The New Zealanders at Gallipoli
The Amenities of Anzac
The Amenities of Anzac.
The noise of battle frightened away all the little song birds that had so charmed us in the spring. But there was always something of interest. The common tortoise of Europe—with a hard shell about 12 inches long—loving a quiet place shaded from the sun, crept into our dugouts during the night, so that in addition to having nocturnal visitors who caused a certain amount of irritation and annoyance, we had these larger “Pilgrims of the Night” to create a little amusement, for there is something comical about these prehistoric, rubber-necked shell-backs. The fact that a tortoise is something like a turtle also appealed not a little to the company cook, who may be a lover of the antique, but not to such a degree that the tortoise might notice it! Out on the Suvla Flats, red foxes played in the sun with their cubs. On the prickly scrub, the little praying mantis held up her supplicating green hands and prayed as if we were all far past redemption.
[Photo lent by the Otago Women's Association
Officers of the Otago Mounted Rifles.
The officer drinking from the mess tin is Lt.-Col. Grigor, D.S.O., who commanded “C” parties of the N.Z.M.R. Brigade at the evacuation. Behind him is Colonel Bauchop, C.M.G., the commander of the outposts.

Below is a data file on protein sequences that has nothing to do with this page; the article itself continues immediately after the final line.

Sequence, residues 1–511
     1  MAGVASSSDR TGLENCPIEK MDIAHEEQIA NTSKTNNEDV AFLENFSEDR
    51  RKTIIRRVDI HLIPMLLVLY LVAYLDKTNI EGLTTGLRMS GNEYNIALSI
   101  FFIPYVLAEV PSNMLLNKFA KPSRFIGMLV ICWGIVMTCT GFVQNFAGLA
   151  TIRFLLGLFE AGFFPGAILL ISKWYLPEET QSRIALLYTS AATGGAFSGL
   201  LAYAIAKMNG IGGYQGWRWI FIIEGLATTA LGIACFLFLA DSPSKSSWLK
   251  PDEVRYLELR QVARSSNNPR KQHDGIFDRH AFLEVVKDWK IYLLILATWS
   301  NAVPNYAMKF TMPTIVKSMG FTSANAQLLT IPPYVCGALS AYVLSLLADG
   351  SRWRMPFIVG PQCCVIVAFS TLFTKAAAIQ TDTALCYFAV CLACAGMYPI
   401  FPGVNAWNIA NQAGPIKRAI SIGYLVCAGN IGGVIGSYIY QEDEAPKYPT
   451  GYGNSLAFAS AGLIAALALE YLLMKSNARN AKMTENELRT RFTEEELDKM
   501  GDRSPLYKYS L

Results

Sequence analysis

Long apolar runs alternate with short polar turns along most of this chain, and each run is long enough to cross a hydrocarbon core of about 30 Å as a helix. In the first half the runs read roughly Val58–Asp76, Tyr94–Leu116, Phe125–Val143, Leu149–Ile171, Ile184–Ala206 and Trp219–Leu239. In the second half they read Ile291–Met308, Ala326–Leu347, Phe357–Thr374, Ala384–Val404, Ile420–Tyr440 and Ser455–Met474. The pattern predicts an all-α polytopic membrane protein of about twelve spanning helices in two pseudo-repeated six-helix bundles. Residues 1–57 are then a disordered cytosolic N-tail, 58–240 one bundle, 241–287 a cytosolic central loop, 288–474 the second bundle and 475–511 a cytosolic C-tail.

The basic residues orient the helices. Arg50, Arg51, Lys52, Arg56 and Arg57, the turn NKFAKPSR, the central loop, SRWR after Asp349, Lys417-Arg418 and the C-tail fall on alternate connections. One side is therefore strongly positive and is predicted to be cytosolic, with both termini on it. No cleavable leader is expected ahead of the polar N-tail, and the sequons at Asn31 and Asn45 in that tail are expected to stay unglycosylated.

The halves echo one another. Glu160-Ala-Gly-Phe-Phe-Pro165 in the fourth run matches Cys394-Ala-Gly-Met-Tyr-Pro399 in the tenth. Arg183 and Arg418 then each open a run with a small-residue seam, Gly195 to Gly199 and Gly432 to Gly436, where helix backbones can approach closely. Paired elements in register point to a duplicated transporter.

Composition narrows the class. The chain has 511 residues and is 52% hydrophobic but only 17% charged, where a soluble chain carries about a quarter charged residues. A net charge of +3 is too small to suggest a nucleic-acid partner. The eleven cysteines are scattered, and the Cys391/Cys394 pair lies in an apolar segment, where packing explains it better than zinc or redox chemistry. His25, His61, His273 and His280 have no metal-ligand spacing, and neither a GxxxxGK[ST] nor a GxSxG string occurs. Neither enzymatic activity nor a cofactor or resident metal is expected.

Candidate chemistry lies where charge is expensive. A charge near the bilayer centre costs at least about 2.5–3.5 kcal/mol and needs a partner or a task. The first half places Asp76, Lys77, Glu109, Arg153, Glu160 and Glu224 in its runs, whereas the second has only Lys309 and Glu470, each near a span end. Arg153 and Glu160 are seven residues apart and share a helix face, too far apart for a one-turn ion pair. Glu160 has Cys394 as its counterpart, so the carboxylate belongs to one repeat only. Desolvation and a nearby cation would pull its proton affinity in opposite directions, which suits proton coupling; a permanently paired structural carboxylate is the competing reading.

During daylight the beach at Anzac Cove was practically deserted. “Beachy Bill” and his helpers attended to that. But when night came the hive buzzed and hummed. Picket boats brought in their barges, and the beach parties attacked the cargoes of stores and transferred them to the A.S.C. depots close at hand. Long convoys of pack mules and the little two-wheeled mule carts pulled in to the stores and the water-tanks, and started their adventurous journeys to the right and left flanks, and up the tortuous way to Monash Gully. The Turk had the range to a nicety, and knew quite well that if he dropped a few shells along the beach and on the communications some damage must be done. The marvel is he did not fire more. While the firing lasted the place was like Inferno, for in the darkness the shells could be seen red-hot overhead. The flash of the explosions would light up the busy scene—Indian drivers and their terrified mules inextricably mixed up with the piles of stores and water tins; mules braying and squealing, with the patient drivers striving to quieten them; the shells shrieking through the air; while the thunderous detonations punctuated the rhythmic lapping of the waves upon the beach, the moans of the wounded, and the insistent cries of “Stretcher bearer.”